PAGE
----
Visiting the hammams of Istanbul was like taking a rigorous course in pleasure itself, a syllabus committed to exploring the granular texture of bodily enjoyment, and to proving that pleasure holds its own pathways to meaning, that it might matter most at precisely those moments when it seems most out of place. Life finds unexpected ways to make this argument. In line at the grocery store a few weeks after I returned from Istanbul, just a few days before lockdown, with my own cart full of diapers and Pedialyte, I admired the cart of the elderly woman standing in front of me. It held nothing but cookies and beer. Her cart seemed to be telling me, You’ll need those diapers, but that’s not all you’ll need. She had so many years of living under her belt. I bet she knew a fair amount about pleasure, and also about endurance — how each permits the other, and how impossible they are to separate.
Pleasure demands presence. It invites you to inhabit your body more fully; no part of you is held at remove. For centuries, the Turkish bath has embodied the seductive prospect of seeing other people’s bodies not simply physically exposed but also psychically exposed, caught inside the particular vulnerability of enjoyment. There can be a radical honesty to pleasure, a profound nakedness in surrendering fully to unguarded, un-self-conscious states of enjoyment. It’s harder to hide or dissimulate when you’re enjoying yourself.
Describing the baths in her 18th-century Turkish Embassy letters, Montagu was not only struck by them as spaces of exposure but by the fact that they functioned as a protected social space for women: “In short, it is the women’s coffeehouse, where all the news of the town is told, scandal invented, etc.” She was a foreigner describing intimacies she had no access to — spoken in a language she could not speak, fitted into narratives of her own design. What she was describing in her letters wasn’t so much the culture itself but her own fantasy of a certain kind of intimacy and female society.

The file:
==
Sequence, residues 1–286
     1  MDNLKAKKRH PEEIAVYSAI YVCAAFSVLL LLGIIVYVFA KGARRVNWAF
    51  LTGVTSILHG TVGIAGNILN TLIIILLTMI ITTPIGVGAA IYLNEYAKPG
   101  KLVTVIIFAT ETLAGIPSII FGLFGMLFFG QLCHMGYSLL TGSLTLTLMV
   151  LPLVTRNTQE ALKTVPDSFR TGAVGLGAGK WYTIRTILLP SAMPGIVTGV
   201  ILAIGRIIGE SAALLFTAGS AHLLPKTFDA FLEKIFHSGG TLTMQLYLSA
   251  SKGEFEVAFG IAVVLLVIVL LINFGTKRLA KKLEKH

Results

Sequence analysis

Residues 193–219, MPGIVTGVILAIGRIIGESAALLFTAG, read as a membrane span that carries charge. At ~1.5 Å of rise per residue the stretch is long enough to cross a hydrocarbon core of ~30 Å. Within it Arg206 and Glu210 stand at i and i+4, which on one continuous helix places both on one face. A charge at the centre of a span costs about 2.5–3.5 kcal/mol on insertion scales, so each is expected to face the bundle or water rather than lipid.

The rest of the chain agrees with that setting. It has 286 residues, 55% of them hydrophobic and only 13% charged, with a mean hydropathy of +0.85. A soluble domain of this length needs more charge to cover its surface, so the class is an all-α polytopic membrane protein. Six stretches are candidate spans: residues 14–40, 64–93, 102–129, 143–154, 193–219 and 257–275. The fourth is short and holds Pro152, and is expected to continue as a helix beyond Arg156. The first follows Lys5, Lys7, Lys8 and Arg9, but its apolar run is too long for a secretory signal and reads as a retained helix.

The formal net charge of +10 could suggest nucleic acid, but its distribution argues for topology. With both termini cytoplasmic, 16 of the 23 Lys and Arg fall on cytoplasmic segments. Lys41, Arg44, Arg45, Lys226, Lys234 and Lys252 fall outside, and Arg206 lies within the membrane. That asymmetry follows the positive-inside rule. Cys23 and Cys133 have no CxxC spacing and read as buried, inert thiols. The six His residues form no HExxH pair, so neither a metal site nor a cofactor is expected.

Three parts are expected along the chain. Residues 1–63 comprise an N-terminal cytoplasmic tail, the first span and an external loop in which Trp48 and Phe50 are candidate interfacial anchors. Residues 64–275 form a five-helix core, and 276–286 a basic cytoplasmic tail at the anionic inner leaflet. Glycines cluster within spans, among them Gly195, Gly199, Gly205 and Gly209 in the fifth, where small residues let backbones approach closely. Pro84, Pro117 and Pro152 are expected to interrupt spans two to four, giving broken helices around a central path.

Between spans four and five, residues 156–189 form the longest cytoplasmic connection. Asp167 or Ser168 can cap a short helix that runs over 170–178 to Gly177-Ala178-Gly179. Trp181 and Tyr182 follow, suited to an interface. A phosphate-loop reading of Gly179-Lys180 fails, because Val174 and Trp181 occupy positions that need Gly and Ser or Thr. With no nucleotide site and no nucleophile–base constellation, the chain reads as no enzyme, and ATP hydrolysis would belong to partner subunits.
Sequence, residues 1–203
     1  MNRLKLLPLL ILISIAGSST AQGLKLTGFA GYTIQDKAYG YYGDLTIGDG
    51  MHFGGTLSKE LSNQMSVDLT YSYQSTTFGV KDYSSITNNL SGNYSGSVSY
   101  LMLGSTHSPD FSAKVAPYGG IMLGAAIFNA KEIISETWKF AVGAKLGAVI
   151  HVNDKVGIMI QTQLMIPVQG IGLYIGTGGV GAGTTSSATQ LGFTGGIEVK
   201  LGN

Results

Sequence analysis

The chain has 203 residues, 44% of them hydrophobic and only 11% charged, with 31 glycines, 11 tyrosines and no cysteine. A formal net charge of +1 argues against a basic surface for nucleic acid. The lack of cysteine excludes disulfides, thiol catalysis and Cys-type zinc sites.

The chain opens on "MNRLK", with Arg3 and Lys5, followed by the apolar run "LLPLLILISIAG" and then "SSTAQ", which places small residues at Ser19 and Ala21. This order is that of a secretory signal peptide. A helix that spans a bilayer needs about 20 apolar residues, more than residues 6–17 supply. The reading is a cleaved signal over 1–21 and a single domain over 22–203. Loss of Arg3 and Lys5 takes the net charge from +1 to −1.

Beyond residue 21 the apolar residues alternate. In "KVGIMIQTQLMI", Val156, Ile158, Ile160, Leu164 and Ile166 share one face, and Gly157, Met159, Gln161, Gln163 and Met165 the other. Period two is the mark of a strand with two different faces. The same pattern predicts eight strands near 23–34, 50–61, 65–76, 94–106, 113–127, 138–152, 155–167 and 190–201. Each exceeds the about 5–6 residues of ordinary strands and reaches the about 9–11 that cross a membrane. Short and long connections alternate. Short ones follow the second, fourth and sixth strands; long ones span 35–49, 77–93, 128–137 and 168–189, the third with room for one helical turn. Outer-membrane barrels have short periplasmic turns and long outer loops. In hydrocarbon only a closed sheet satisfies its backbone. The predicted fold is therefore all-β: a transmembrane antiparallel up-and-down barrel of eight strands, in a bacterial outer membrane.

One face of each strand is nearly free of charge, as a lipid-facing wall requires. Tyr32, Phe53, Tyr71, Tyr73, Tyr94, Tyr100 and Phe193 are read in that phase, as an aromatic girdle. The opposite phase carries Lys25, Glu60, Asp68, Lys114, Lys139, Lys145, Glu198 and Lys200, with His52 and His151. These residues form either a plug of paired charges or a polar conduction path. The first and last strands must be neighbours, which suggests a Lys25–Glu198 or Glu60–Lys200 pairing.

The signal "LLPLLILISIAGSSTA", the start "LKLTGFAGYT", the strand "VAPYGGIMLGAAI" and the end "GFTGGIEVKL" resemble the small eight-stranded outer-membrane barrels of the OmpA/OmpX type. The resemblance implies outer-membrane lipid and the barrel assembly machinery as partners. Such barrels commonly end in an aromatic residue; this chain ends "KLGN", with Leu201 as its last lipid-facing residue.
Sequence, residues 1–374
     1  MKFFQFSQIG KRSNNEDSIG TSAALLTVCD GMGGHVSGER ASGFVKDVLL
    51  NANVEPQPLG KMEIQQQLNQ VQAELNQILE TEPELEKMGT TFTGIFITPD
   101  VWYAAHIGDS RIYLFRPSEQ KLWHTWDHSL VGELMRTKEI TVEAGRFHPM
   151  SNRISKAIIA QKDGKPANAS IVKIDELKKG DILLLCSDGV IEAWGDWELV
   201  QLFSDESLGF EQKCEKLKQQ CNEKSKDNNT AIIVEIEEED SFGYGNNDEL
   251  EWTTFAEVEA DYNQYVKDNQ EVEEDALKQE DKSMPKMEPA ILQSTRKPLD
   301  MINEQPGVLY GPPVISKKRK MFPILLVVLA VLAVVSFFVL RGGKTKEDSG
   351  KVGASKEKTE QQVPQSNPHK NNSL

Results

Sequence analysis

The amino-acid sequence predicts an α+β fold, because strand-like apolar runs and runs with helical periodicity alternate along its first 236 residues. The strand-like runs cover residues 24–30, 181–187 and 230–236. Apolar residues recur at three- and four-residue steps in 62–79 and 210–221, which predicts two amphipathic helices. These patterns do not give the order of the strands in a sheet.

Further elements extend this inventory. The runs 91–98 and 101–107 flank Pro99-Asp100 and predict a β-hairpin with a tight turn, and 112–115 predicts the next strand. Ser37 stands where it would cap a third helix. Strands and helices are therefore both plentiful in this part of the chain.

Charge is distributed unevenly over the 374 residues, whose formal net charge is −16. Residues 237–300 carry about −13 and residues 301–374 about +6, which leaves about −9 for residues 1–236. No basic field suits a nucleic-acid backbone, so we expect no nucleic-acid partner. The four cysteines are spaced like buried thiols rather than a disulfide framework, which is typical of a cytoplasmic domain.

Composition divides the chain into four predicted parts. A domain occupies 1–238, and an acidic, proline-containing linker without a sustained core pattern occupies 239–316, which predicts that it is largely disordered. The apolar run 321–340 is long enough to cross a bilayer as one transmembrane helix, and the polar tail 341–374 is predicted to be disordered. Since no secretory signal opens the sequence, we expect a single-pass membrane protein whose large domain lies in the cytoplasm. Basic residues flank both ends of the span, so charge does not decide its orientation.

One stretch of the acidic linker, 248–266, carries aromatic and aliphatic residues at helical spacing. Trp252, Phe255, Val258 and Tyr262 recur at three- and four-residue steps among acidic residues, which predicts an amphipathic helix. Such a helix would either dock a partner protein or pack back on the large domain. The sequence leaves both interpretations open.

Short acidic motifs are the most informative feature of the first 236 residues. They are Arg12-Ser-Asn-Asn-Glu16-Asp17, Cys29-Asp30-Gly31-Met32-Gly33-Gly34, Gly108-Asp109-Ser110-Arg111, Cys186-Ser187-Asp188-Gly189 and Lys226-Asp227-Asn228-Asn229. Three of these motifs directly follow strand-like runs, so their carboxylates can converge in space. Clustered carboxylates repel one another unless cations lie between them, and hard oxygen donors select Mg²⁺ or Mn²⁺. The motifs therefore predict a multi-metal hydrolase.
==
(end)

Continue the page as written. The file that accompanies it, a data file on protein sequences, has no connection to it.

Pleasure demands presence. It invites you to inhabit your body more fully; no part of you is held at remove.
But beyond the screen of those projections, a robust culture of public bathing has been thriving for centuries. Over lunch one day in Istanbul, Sabiha Çimen, the Turkish photographer who took the photographs that accompany this article, told me about the Mihrimah Sultan, a hammam she used to visit. It always felt like a retreat from the city’s frenetic bustle, she told me, another world within the ordinary world of the streets and crowds. A few hours later, I found its nondescript entrance above a staircase tucked beside a gas station on Fevzi Pasa, a busy road that took me past an evening-gown shopping district and a bridal-gown shopping district and a special micro shopping district that seemed to specialize exclusively in silken bathrobes.
The Mihrimah Sultan hammam had a different aesthetic than the tourist hammams in the old city: less elegance, more comfort. The lounge had a big-screen TV and three drooping purple balloons tied to the plume of a potted fern; a big plastic column full of multicolored drugstore luffas stood like a sentinel in the corner. Two attendants smoked at the top of the staircase; another emerged from the office with a tub of hummus in one hand and a plastic bag of simit in the other. Inside the hammam itself, most of us wore only the plain black underwear we had rented for five lira apiece. Instead of fairy-tale mounds of shimmering white bubbles from the torba, we squirted drugstore shower gel across our backs. The staggering grandeur of the old-city hammams had been replaced by something humbler, the dusky sky visible through portals cut into the stucco dome, its curves streaked with rust-red trails of dripping water.
The pageantry of luxury had been replaced by genuine sociability, and the women gathered all around me with their friends and sisters and cousins and daughters, perhaps talking about some of the same things I spoke about with my friends back at the 10th Street baths: the hourly exhaustion of taking care of children; the guilt and weariness and gratitude of showing up for work and motherhood; and never having enough of ourselves to do justice to either one. In that heat, it was always harder to hide anything. We were wrung-out and woozy, blissfully depleted; there wasn’t much energy left for dissimulation or sugarcoating. We were “stark naked, without any beauty or defect concealed.” At the Mihrimah Sultan, the women conspired and consoled all around me, chatting about the smallest minutiae of their lives and resting their tired thighs and exposing their C-section scars, testifying with their very presence to our collective faith that taking care of our physical bodies could help alleviate their psychic burdens.